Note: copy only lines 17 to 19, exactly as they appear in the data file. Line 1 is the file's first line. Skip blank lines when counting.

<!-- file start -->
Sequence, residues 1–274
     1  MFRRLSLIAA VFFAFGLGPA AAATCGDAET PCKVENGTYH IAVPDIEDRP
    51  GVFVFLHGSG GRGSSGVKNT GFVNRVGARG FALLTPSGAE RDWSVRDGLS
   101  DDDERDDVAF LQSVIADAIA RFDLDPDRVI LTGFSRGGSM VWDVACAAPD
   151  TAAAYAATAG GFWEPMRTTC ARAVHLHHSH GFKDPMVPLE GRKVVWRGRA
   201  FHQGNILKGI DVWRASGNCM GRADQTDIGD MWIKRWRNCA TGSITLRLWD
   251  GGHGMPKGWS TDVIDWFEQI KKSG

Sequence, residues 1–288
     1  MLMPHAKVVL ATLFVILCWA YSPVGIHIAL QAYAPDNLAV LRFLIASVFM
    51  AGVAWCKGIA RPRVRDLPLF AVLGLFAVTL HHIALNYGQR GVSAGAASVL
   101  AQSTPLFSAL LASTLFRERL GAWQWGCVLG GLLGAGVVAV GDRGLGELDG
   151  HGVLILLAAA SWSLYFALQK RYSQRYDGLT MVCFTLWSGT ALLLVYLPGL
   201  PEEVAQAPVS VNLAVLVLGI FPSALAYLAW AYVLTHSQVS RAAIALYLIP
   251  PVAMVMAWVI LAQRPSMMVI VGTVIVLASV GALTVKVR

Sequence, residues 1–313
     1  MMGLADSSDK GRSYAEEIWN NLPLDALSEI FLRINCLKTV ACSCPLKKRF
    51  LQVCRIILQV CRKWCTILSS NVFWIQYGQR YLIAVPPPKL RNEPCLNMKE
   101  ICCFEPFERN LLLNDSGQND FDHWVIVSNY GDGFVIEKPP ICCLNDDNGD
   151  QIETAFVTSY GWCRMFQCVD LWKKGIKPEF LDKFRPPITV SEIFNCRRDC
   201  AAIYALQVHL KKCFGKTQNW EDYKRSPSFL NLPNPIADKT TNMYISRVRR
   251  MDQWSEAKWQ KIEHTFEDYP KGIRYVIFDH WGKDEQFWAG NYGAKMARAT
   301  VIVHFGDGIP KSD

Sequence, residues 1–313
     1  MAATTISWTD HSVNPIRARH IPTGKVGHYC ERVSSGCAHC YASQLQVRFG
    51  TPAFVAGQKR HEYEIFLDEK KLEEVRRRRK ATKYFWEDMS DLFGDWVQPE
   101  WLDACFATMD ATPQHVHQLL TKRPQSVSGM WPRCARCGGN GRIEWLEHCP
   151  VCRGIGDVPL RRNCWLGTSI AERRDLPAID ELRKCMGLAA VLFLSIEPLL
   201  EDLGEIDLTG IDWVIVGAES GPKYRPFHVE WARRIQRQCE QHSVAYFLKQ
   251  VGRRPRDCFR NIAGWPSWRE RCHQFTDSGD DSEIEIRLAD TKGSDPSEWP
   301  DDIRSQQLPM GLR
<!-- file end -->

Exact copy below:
    51  LQVCRIILQV CRKWCTILSS NVFWIQYGQR YLIAVPPPKL RNEPCLNMKE
   101  ICCFEPFERN LLLNDSGQND FDHWVIVSNY GDGFVIEKPP ICCLNDDNGD
   151  QIETAFVTSY GWCRMFQCVD LWKKGIKPEF LDKFRPPITV SEIFNCRRDC